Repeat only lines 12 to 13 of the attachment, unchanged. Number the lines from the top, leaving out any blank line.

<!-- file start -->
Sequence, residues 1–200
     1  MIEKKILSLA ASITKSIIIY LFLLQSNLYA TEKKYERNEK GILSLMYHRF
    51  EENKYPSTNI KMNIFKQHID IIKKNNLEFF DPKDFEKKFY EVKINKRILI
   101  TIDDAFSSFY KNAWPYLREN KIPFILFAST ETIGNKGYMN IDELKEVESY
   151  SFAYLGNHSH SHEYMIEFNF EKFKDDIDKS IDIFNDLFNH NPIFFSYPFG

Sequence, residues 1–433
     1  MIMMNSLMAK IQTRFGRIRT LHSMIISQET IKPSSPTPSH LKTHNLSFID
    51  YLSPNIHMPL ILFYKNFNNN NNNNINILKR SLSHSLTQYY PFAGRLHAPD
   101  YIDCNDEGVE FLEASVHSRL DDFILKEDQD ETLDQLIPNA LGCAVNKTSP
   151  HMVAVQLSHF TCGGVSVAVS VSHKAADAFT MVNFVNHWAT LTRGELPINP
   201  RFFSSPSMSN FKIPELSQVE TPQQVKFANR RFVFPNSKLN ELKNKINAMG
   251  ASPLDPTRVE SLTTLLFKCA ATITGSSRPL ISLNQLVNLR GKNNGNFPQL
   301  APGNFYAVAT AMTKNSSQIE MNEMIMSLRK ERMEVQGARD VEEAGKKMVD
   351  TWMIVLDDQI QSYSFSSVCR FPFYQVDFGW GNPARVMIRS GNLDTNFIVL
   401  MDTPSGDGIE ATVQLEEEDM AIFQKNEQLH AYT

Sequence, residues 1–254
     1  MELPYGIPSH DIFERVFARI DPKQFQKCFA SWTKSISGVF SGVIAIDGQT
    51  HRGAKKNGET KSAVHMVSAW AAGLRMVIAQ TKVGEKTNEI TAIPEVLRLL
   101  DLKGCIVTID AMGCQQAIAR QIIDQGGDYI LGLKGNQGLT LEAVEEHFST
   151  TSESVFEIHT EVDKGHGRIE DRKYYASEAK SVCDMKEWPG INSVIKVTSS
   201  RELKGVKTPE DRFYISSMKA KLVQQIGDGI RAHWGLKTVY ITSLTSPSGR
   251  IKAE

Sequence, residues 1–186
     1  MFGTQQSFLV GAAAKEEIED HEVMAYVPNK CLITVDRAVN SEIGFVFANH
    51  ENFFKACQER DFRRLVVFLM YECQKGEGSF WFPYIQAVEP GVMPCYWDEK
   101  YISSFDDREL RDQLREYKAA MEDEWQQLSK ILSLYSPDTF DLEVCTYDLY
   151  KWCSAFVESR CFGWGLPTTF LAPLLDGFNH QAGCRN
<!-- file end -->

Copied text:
   251  ASPLDPTRVE SLTTLLFKCA ATITGSSRPL ISLNQLVNLR GKNNGNFPQL
   301  APGNFYAVAT AMTKNSSQIE MNEMIMSLRK ERMEVQGARD VEEAGKKMVD